Construction to Commence on $3.3 Billion Deep-Water Port in Algeria, Backed by Chinese Financing and Chinese State-Owned Contractors
On March 22, it was reported that construction of Algeria’s new China-backed $3.3 billion commercial deep-water seaport would begin in May 2021 and take four years to complete. The new port, which will be situated near the town of Cherchell, is being constructed by a Chinese-Algerian consortium of companies that include state-owned China Harbour Engineering Corporation (CHEC), China State Construction Engineering Corporation (CSEC), and Algeria’s Public Port Services Group under a contract awarded to the companies in 2016.
Once completed, the new port, which will be operated by state-owned Shanghai International Port Group for a period of 25-years, will be Algeria’s first and largest deep-water port and reportedly the second largest container port in Africa overall. Operational control of the port was guaranteed to SIPG in exchange for Chinese financing for the project. El Hamdania is touted by Chinese and Algerian officials as potentially transformative for Algeria’s status as a regional trade hub.
For Beijing, construction and operational management of the new port builds on a series of recent and similar investments by Chinese state-backed firms in the Mediterranean that include Israel’s Port of Haifa, the Port of Piraeus in Greece, and Port Said in Egypt’s Suez Canal region.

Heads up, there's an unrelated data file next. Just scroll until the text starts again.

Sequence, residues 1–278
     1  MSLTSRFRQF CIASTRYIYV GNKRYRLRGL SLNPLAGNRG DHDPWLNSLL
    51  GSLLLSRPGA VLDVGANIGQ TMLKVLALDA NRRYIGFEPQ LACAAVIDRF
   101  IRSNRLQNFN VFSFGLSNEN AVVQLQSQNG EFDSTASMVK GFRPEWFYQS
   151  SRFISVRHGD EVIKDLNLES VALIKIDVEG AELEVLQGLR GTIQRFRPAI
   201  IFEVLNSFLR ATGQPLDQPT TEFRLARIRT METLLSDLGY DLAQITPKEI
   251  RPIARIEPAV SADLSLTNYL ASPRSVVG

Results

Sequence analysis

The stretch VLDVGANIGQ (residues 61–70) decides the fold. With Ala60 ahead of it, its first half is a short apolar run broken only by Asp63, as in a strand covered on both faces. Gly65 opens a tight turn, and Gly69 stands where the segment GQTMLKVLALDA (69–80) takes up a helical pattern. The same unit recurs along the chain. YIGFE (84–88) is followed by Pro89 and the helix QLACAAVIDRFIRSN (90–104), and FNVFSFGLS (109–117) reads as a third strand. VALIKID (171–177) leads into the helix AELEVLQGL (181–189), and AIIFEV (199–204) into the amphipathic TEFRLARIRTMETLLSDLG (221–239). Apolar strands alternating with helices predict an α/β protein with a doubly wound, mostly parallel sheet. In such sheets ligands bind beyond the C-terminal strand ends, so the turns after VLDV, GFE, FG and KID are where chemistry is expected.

In addition to the economic and trade-related gains associated with these activities, some observers foresee these projects serving as door-openers for an increased Chinese military presence in the region. In recent years, the People’s Liberation Army Navy (PLAN) has made several port calls in the Mediterranean and has also participated in naval exercises in the region with Russia. In 2018, two Chinese naval ships visited the Port of Algiers for a four-day visit.
Situated approximately 70 kilometers from Algeria’s capital city of Algiers, El Hamdania port will be connected to Algerian railway lines, as well as the East-West highway – one of Algeria’s main land-based cross-country transport arteries that was also constructed by a Chinese consortium comprised of CITIC Corporation and China Railway Construction Corporation (CRCC). The port is expected to compete with others in the region, such as Morocco’s Tanger Med deep-water port (also built with Chinese financing) and the Spanish ports of Valencia and Barcelona.